It took my web helper a few months to establish that set-up for me, so by the time I had begun posting the images, I was theoretically a couple months ahead of schedule. I planned to post one image every week. I liked that I had made this lead time for myself, because it’s always safer to give yourself a cushion. The other thing though, is that I planned to bite into my cushion a little, and post a number of images all at once, to help get the story started in advance. The first images are just cityscapes, so I thought I should post a lot of these at once, rather than make readers wait an entire week before showing them the next cityscape with absolutely no advancement of story. I “back-posted” the dates, to give readers the feeling some poor suckers might have had to have checked in every week to see basically nothing. It was a gag.

I wrote a long text intro (as I am prone to do with any of my projects), and then posted the first six entries, and voila! The web comic had begun!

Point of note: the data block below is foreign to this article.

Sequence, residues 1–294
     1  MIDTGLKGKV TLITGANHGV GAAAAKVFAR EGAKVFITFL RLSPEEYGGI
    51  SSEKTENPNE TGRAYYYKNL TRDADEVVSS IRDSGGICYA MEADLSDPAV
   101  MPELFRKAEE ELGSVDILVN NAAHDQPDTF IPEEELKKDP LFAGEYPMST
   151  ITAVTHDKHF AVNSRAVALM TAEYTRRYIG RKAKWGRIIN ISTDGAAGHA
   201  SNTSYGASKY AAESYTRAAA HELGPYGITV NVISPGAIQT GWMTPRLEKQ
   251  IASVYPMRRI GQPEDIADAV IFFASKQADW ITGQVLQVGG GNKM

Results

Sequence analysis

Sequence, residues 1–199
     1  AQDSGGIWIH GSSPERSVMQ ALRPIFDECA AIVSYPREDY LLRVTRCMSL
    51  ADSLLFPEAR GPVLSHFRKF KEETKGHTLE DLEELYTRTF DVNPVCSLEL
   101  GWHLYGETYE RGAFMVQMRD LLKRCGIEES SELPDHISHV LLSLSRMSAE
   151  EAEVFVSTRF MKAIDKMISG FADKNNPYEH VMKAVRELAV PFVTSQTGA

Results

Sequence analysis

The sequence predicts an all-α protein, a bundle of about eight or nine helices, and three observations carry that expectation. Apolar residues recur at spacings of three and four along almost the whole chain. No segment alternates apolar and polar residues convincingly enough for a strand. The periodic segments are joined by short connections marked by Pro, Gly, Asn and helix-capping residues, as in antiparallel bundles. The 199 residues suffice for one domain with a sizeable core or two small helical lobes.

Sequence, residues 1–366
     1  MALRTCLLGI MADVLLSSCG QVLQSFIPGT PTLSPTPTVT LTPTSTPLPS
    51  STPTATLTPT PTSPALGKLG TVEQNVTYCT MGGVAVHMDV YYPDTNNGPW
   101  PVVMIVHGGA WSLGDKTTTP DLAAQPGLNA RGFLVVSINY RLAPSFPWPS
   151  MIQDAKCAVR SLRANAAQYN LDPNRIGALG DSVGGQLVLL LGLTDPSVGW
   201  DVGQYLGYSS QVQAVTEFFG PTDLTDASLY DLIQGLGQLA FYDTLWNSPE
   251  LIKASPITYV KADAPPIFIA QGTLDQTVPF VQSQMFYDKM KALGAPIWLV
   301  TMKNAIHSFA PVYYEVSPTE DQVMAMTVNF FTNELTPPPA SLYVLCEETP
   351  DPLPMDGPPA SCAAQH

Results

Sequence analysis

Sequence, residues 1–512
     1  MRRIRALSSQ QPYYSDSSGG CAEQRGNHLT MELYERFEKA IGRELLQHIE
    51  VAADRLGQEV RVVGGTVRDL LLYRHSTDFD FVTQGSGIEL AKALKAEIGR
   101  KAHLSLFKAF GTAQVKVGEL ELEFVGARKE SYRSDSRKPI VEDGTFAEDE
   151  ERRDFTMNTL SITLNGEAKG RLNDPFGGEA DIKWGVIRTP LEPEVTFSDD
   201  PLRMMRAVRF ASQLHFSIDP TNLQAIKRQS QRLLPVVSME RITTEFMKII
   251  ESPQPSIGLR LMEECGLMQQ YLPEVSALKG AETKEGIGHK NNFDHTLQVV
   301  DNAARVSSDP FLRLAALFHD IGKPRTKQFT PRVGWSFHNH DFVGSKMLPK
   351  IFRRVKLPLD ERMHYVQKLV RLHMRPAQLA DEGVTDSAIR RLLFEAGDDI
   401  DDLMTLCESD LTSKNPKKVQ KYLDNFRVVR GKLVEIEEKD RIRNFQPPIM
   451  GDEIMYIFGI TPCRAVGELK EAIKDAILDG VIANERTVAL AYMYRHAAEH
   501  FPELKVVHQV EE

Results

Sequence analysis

I formally announced the release of my web comic by sending out a mailer to the mailing list I’ve slowly been collecting at conventions. This list also includes a lot of stores, and anyone who has been kind enough to take time to review my work. Then I went to a couple message boards to announce the web comic, and I also posted a bulletin at myspace. Lastly, I sent a personal email to Scott McCloud, who I consider the guru of web comics.

After that, all that was left was to check my emails every few hours to see if anyone had written me to say how much they enjoy it. I’m still waiting on that last part, and beginning to check a little less frequently (now three months into posts).

The pacing of the comic is pretty slow, so I’m thinking after the story has actually run for a little while (What I mean here is not that a bunch of posts are up, but that posts are up that actually convey a bit of the story), I’ll need to send some new hype out.